If Ryan gets out of prison, he can depend on speaking engagements and fees, based solely on his sparing murderers.

    That is a much better deal than fading into history as just another disgraced, corrupt and penniless politician, whose actions resulted in innocent deaths and making Illinois a more dangerous place.

    Legacy. Indeed.

    copyright 2009 Dudley Sharp
    Permission for distribution of this document, in whole or in part, is approved with proper attribution.

    Dudley Sharp, Justice Matters
    e-mail sharpjfa@aol.com, 713-622-5491,
    Houston, Texas

    Mr. Sharp has appeared on ABC, BBC, CBS, CNN, C-SPAN, FOX, NBC, NPR, PBS , VOA and many other TV and radio networks, on such programs as Nightline, The News Hour with Jim Lehrer, The O'Reilly Factor, etc., has been quoted in newspapers throughout the world and is a published author.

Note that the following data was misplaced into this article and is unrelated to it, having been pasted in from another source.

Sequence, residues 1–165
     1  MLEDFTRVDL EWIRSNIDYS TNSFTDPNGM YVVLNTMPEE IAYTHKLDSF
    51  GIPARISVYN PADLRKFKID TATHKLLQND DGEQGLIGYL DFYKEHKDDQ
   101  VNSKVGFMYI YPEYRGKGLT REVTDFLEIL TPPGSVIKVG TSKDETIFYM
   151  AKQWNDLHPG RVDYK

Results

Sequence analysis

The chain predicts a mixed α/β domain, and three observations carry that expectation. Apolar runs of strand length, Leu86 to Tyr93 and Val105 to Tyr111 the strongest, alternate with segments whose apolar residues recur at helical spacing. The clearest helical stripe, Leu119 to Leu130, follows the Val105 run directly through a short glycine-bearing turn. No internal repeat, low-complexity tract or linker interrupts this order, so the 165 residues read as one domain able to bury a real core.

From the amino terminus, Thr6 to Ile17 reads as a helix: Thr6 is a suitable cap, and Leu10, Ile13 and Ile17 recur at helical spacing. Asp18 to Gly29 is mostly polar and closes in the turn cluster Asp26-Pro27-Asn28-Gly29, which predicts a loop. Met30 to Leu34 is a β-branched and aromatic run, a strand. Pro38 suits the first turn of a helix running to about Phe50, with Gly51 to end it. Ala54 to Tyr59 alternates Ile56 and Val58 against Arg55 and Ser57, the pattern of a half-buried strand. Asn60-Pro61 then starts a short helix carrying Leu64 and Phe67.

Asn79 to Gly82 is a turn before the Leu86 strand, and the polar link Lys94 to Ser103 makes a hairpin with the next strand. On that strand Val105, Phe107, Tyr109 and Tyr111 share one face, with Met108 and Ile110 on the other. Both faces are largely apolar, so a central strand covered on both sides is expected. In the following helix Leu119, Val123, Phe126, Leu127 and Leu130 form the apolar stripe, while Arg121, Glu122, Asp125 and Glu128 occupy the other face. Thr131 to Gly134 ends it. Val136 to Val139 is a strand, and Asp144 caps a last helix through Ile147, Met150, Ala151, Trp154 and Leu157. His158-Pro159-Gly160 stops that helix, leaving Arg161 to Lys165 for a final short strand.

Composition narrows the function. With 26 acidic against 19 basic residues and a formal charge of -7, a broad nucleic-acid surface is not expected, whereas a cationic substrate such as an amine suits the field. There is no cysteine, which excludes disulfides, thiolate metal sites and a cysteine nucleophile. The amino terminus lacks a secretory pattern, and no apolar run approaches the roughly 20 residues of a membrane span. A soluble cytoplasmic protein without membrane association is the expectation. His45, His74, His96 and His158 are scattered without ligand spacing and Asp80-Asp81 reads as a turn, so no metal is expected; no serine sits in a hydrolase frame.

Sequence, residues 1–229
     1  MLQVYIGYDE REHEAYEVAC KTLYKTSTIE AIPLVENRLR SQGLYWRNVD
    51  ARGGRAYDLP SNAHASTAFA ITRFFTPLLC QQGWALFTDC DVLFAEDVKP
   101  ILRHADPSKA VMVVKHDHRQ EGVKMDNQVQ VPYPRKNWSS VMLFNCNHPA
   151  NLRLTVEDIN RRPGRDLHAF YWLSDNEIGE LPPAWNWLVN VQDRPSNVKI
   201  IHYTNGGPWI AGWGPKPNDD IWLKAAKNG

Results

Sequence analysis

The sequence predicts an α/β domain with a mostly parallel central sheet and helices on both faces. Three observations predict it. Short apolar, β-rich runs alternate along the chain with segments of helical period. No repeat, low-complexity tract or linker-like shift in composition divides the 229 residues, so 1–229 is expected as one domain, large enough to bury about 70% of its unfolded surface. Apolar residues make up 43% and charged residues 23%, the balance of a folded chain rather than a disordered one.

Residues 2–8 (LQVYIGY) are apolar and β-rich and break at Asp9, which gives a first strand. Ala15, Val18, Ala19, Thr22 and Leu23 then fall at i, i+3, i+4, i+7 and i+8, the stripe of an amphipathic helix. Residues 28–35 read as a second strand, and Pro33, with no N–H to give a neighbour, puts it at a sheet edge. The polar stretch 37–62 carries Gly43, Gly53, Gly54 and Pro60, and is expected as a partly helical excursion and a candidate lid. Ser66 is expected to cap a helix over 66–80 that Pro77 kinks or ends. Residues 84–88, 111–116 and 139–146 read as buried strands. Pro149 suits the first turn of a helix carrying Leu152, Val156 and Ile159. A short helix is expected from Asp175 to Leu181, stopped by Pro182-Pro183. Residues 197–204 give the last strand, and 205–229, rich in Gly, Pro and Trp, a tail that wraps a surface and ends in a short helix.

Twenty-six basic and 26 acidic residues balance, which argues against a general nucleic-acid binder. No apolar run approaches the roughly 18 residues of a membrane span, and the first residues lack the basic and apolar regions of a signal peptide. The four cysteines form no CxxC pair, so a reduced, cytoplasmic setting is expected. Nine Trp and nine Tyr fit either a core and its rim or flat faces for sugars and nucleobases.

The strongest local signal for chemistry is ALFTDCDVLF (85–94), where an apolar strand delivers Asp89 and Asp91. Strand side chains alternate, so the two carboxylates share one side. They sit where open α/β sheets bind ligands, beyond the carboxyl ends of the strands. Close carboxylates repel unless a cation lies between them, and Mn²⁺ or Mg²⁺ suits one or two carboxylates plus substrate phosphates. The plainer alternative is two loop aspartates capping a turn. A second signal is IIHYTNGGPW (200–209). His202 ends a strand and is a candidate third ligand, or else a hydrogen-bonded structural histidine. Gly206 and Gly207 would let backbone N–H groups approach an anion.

A former opponent of capital punishment, he has written and granted interviews about, testified on and debated the subject of the death penalty, extensively and internationally

    (1) "Bill Richardson admits doubt about death-penalty decision", Trip Jennings, The New Mexico Independent, 3/19/09.

    (2) "SETTING THE RECORD STRAIGHT: A Rebuttal to Governor Richards: Repeal of the Death Penalty in New Mexico" Dudley Sharp, 3/19/2009 5:48:06 P.M. Central Daylight Time; Subject Title of email: "Rebuttal to Governor Richardson - Repeal of the Death Penalty in New Mexico"

    (3) "Richardson Scandal Simmered in New Mexico", Trip Jennings, The Washington Independent, 1/6/09 12:34 PM

    (4) "New Mexico governor abolishes capital punishment", by Deborah Baker, Associated Press, March 19, 2009; 12:27 PM